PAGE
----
Noise Mapping England is a terrific online resource providing highly localized noise mapping for a number of English cities. Noise sources include raid, rail, industry, and air and users can create separate maps for day and night.
For more information about health and noise see the noise section of the Design for Health web site.
For those interested in the broad situation of health and place globally, the World Health Organization’s Global Health Observatory is a useful resource. The observatory includes data repository, reports, and a useful map gallery. Maps, using data at the country scale, cover a wide range of topics from average cholesterol and avian influenza to health expenditure. These are clear maps at a similar scale and a terrific resource.
The USDA Economic Research Service’s Food Environment Atlas and Atlas of Rural and Small-Town America provide a wealth of data on health issues and determinants (causes). Boasting an easy-to use interface the Food Environment Atlas deals with a very wide range of issues including grocery store access, restaurant expenditures, food assistance, food insecurity, food prices, local foods, health and physical activity information (e.g. obesity, fitness facilities), and socioeconomic characteristics. There is online documentation and data can be downloaded in Excel format.
The Atlas of Rural and Small-Town America adds even more information about people, jobs, the character of agricultural production, and levels of urbanization. Again documentation is available and data can be downloaded.
Participatory GIS is a growing field. For those interested in integrating participatory GIS into healthy planning, several web sites provide helpful illustrations of the potential.
Public Participatory GIS based in a company called Vertices in New Brunswick, New Jersey, (http://www.ppgis.info/) provides illustrative maps on topics from bike crashes to a calculator for calories burned walking different routes. Not all maps are local, for example the public health maps rangr from alcohol sales places in New Orleans to food sales in Philadelphia.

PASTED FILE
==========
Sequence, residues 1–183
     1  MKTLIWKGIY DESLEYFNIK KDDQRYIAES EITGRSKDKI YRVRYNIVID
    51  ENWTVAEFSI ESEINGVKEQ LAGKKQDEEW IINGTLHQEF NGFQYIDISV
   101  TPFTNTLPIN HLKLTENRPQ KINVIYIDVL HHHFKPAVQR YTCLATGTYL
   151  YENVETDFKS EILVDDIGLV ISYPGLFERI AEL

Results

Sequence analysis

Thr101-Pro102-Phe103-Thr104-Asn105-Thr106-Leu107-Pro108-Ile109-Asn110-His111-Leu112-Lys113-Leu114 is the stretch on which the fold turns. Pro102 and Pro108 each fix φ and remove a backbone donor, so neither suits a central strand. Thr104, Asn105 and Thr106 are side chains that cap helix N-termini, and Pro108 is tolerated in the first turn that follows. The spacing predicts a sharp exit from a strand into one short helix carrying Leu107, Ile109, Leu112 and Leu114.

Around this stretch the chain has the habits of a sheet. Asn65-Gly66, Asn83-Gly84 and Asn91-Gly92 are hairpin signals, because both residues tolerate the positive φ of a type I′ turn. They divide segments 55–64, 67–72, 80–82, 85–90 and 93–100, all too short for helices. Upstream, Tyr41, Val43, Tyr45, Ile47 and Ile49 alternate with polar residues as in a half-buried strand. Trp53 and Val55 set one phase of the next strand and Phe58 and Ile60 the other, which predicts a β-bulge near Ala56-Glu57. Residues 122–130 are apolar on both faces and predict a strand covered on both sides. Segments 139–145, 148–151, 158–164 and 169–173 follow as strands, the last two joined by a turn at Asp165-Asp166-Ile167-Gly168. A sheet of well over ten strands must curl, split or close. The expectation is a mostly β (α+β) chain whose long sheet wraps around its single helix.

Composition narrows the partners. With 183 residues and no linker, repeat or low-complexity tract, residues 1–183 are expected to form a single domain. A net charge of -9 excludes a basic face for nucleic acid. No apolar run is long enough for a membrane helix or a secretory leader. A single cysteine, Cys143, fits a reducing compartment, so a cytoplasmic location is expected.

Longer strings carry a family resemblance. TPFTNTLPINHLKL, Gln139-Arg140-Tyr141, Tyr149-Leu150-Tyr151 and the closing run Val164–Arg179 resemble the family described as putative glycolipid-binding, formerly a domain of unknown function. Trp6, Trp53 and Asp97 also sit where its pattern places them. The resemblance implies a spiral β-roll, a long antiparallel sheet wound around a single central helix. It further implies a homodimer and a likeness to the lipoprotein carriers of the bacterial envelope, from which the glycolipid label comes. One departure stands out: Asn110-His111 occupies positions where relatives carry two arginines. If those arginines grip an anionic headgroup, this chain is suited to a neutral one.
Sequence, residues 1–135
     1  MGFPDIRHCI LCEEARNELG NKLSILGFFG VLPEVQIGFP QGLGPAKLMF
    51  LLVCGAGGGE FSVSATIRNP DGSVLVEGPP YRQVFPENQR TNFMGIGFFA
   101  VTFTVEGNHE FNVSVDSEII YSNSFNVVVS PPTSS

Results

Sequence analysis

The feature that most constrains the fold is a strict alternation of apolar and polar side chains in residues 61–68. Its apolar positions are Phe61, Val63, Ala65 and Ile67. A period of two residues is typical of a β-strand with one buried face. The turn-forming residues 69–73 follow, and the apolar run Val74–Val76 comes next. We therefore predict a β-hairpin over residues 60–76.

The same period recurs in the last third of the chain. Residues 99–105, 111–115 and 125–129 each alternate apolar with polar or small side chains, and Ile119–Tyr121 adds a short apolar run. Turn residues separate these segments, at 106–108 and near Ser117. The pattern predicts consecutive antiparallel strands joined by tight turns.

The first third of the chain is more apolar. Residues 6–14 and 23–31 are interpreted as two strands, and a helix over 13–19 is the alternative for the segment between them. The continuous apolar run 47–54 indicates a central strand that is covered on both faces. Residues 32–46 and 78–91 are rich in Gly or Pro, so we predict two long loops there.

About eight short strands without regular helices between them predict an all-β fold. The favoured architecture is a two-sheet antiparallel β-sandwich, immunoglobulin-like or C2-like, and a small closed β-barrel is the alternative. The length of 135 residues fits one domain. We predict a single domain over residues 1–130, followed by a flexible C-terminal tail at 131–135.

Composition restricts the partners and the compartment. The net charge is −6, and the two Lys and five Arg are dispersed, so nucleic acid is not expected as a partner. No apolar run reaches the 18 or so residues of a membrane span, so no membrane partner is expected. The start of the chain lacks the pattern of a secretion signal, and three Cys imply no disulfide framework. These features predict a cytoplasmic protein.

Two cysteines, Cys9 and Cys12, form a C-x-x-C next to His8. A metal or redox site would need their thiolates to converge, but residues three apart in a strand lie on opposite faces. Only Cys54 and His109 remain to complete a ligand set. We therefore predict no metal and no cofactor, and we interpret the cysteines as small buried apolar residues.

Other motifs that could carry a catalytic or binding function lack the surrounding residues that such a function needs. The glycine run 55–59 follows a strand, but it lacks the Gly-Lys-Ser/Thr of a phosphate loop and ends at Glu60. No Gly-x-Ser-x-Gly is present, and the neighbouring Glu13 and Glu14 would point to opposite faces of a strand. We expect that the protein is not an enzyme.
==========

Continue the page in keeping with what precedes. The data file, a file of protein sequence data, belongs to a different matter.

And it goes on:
Transparent Chennai (http://www.transparentchennai.com/), at the Institute for Financial Management and Research, uses GIS but with a focus on topics such as squatter settlements, environmental hazards, and other aspects of quality of life. What is particularly handy about this site is one can build a map from different kinds of information including environmental, political, infrastructural, and social issues: http://www.transparentchennai.com/buildamap/. This site really shows the potential for a fairly integrated yet still user driven experience that could be particularly helpful for those interested in working with communities on issues of health and place.
|Part of a map from Transparent Chennai|
Map Kibera (http://mapkibera.org/) started in 2009 by several NGOs in a large squatter settlement in Nairobi Kenya, reportedly was an inspiration for Transparent Chennai. The site has a lot of information apart from maps, showing how different kinds of information—spreadsheets, a blog, twitter, a wiki, and so on—can be linked.
For a more technical, expert-led approach to using GIS see the DFH Threhold Analysis HIA and research oriented NEAT-GIS and LEAN-GIS protocols. These can however be used in a participatory setting. The Arden Hills Rapid HIA used similar maps as background information, for example (see report appendices).
My thanks to Azhar Tyabji, at the Institute for Financial Management and Research, for leading me to his colleague Nithya V. Raman (and her team’s) work on Transparent Chennai.